Gerry Dunphy

Strategy Director, Security & Fire, Informa Markets EMEA

September 17, 2020

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Facial Recognition

Facial recognition – “Its public use must be legal, ethical and justified”

Gerry Dunphy explores the use of facial recognition technology, discussing the responses of over 450 security professionals to a recent survey IFSEC ran on the subject.

Facial recognition and cybercrime are two of the issues leading the agenda in security, and both will be centre stage at our upcoming IFSEC Tech Talks (6 October) and IFSEC International next May.

Facial recognition technology is currently in use across the UK. It’s heavily used in personal devices to unlock phones, tablets and laptops, but it’s also found in areas identified as potential targets for terrorist threats, such as major transport hubs like Gatwick and Heathrow airports and it’s widely in use at passport control areas in the form of ‘e-Gates’ to assist with passport checks. In the private sector it’s used in retail and many large-scale property owners such as Argent, which is using the technology on its 67-acre site in Kings Cross in London, home to a university campus. On paper, facial recognition is an incredible technological breakthrough and has huge potential to prevent terrorist and other criminal attacks.


Find out more and register for the upcoming IFSEC & FIREX Tech Talks!


This week saw the launch of the inquiry into the Manchester Arena bombing. The terrorists behind this attack were known to the security services, they should have been on a watchlist and, if they had, it’s arguable that facial recognition technology could have stopped them and saved 23 lives.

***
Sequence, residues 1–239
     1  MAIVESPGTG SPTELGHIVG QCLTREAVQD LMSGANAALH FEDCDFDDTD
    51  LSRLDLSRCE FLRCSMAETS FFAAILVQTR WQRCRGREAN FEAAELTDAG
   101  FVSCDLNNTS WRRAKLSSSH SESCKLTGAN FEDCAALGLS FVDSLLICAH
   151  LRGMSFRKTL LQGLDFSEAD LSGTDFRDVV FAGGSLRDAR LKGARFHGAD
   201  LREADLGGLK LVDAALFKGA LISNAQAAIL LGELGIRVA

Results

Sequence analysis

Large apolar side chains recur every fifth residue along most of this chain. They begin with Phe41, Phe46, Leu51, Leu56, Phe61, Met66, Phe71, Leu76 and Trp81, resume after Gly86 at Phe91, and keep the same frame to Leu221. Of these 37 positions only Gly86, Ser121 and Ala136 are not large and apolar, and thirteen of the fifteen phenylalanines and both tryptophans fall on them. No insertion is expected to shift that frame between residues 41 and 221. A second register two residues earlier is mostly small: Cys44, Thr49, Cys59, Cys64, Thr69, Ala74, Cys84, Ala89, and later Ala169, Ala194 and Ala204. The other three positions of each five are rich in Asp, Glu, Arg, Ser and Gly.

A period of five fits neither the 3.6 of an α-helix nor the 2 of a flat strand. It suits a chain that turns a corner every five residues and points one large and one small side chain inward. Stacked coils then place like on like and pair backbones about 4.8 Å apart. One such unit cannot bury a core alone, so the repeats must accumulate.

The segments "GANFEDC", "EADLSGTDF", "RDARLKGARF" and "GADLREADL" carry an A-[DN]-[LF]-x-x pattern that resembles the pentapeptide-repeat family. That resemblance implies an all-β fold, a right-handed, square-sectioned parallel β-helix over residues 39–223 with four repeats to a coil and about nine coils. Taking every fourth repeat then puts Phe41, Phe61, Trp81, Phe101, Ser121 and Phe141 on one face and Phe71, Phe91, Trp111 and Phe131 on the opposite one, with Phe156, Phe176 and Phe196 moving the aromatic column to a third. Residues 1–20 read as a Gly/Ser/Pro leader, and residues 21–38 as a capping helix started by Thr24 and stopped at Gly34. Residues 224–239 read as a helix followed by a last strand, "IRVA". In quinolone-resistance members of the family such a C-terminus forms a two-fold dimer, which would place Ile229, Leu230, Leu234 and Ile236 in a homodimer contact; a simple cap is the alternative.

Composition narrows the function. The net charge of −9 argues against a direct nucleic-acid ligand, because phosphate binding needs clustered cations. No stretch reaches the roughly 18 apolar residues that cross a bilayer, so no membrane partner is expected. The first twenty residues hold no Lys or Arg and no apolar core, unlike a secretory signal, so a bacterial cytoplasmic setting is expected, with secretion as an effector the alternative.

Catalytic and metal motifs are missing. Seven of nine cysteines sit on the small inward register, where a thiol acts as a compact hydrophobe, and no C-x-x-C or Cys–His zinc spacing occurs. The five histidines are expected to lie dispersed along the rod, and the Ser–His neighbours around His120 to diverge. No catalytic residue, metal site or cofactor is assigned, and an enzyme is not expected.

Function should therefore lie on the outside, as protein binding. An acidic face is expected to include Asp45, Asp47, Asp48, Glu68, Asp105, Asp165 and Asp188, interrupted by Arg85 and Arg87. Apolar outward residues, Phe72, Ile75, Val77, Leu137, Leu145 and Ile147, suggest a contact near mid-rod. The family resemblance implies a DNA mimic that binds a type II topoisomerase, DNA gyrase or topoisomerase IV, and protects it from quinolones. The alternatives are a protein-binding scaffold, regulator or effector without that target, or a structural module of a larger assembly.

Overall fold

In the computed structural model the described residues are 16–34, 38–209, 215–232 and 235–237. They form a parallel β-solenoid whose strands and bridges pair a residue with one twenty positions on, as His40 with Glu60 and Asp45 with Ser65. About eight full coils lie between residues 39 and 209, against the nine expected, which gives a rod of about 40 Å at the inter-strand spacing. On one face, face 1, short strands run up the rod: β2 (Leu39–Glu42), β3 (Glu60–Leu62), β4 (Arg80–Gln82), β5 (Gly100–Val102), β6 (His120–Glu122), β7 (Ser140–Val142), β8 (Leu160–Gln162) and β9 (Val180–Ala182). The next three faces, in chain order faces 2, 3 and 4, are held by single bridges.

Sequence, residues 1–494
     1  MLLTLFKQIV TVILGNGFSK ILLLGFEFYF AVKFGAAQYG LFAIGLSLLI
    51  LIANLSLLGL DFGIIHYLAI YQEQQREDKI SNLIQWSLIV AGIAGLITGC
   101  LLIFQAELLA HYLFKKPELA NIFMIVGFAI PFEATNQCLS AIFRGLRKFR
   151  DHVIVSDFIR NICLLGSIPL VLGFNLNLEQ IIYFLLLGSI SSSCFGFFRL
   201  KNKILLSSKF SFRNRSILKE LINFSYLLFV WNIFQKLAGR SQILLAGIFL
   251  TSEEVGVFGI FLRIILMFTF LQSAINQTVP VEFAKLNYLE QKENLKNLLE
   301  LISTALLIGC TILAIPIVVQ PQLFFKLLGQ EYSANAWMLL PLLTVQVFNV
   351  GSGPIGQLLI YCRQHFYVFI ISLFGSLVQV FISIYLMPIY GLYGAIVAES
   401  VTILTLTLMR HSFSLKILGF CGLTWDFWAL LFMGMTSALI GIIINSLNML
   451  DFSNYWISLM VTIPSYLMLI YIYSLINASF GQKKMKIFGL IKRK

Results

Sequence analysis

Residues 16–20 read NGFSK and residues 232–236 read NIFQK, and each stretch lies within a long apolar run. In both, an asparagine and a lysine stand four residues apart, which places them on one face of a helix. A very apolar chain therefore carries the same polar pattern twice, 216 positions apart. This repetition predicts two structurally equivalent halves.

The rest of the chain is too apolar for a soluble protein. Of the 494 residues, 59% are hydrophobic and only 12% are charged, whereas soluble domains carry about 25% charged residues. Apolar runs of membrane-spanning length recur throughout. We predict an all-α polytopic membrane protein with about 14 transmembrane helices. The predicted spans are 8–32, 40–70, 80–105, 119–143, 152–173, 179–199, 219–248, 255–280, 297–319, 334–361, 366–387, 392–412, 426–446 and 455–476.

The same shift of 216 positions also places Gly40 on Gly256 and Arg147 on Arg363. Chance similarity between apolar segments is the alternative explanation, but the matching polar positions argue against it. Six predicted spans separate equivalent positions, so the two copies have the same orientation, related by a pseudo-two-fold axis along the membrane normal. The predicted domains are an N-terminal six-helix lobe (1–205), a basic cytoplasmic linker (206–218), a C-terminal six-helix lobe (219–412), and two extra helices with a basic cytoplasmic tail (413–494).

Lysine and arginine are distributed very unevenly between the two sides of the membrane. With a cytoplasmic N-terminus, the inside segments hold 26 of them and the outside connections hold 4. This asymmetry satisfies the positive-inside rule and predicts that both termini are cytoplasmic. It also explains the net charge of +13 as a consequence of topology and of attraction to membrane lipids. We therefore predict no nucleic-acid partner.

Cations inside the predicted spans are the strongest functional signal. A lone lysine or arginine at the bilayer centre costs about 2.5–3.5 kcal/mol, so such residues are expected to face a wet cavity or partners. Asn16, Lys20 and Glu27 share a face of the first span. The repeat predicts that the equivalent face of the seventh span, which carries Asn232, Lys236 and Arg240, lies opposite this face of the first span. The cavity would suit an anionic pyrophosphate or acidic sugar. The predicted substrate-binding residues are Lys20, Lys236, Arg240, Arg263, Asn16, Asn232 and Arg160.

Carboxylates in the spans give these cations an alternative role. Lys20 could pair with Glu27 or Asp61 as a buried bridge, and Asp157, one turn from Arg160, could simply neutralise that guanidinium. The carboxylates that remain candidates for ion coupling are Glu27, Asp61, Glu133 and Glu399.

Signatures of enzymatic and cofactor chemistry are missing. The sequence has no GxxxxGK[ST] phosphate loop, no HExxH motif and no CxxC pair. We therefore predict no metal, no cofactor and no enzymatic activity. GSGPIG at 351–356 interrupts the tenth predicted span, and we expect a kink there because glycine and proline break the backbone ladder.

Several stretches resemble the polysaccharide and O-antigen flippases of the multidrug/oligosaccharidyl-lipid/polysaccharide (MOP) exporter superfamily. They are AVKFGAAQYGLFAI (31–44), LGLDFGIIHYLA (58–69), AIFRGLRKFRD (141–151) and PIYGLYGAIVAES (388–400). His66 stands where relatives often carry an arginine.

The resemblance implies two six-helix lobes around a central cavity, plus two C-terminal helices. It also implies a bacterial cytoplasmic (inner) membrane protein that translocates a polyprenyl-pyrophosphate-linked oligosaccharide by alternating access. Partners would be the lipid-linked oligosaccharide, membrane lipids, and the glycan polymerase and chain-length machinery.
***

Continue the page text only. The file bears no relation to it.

However, there are still questions about the validity of facial recognition —both the technology itself and its deployment—preventing it from being used for mass surveillance. Concerns were raised back in August after the Court of Appeal ruled in favour of pressure group Liberty claiming the use of automatic facial recognition technology by South Wales Police was unlawful.

And earlier in the summer Amazon, Microsoft and IBM took a step back from their home-grown facial recognition technologies, pausing their sale to US police departments due to alleged racial bias. IBM stated it plans to exit altogether. Amazon has put in place a one-year hold on police departments using its ‘Rekognition’ tech. Microsoft is waiting for new legalisation before it starts selling to law enforcement.

Earlier this month, we ran a survey on behalf of IFSEC International about facial recognition (you may well have been among our 457 respondents). We asked whether Amazon and Microsoft were right to pause sales to the police. 43% answered yes compared to 27% who said no. We also asked if facial recognition technology is currently equipped to account for diversity—34% said no. And we asked whether there needs to be better regulation to prevent misuse from potential racial bias, with which 82% agreed.